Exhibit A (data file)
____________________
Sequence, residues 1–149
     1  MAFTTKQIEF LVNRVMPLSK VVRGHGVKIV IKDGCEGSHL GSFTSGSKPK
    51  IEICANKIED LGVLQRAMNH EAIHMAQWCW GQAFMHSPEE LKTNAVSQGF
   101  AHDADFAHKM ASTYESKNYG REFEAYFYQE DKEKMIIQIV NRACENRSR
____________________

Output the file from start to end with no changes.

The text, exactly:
Sequence, residues 1–149
     1  MAFTTKQIEF LVNRVMPLSK VVRGHGVKIV IKDGCEGSHL GSFTSGSKPK
    51  IEICANKIED LGVLQRAMNH EAIHMAQWCW GQAFMHSPEE LKTNAVSQGF
   101  AHDADFAHKM ASTYESKNYG REFEAYFYQE DKEKMIIQIV NRACENRSR